Perhaps the most notable thing about firearms-suicide is just how low survival rates are compared to all other methods (hitting things at speed, cutting off air-supply, bleeding, drug-overdose). The suicide 'success' rate is therefore intimately related with the availability of firearms.

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Perhaps the most notable thing about firearms-suicide is just how low survival rates are compared to all other methods (hitting things at speed, cutting off air-supply, bleeding, drug-overdose). The suicide 'success' rate is therefore intimately related with the availability of firearms. \n This is the source of most "waiting period" gun control laws, since clinically a suicide attempt which is prevented (by having to wait a few days between buying and receiving a firearm in this case) often will not make a second attempt.
26th May '15 9:47:42 AM MAI742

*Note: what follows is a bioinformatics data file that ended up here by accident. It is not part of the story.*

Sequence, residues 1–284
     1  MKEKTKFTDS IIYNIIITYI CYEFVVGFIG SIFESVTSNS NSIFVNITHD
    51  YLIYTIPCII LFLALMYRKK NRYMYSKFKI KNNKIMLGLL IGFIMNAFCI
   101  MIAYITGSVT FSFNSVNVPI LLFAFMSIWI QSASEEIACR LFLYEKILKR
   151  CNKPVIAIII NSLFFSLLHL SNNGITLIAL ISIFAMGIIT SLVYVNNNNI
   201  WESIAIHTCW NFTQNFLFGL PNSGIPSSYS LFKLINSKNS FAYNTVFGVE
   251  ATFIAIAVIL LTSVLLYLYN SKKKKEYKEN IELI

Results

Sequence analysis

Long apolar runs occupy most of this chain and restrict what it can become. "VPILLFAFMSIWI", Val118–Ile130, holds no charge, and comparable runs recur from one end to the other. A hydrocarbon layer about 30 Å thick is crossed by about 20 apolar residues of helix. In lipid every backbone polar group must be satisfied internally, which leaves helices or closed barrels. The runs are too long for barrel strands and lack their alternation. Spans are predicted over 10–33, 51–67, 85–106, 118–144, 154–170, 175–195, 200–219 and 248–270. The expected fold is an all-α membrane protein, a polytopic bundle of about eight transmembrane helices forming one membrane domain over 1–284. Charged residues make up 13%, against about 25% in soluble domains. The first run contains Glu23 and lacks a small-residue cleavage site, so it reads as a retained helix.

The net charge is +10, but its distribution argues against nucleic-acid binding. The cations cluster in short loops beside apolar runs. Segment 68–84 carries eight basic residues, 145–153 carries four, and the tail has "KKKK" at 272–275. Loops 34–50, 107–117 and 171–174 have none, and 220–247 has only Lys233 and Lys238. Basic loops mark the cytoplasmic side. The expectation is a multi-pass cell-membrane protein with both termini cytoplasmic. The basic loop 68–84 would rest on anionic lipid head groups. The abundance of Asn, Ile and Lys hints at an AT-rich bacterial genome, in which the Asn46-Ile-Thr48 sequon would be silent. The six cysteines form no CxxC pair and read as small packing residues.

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The ''militia-armament'' lobby believes that, unlike the rest of the Bill of Rights, the Second Amendment guarantees a ''collective'' right; in other words, that the amendment isn't concerned with individual ownership of weapons, but seeks merely to ensure the presence of an armed militia among the American citizenry in a time when, due to the young nation's underdeveloped transportation system, the regular army would not have been able to reach every place in the country that might come under invasion (i.e. by the British). They then argue that since the government now maintains a large and indisputably well-armed standing military (not to mention each state having a National Guard, which they generally categorize as the modern-day equivalent to a "well-regulated militia), there is no need for every Tom, Dick, and Harry to run around with an assault rifle. They support their position with the arguments that an armed citizenry increases the incidence of violent crime and enables citizens to kill themselves and murder large numbers of people very easily. They support their position by arguing that there is nothing "well-regulated" about an armed population. The disagreement then becomes about how to measure "well-regulated" or why a single piece of the bill of rights guarantees a collective right, while the rest guarantees individual rights. Then there are those who point out that the United States has no authority to maintain a standing army, but that's another matter. (Besides, the government kind of went ahead and invented one anyway. As they used to say in Sparta, "If you can get away with it, it's legal.")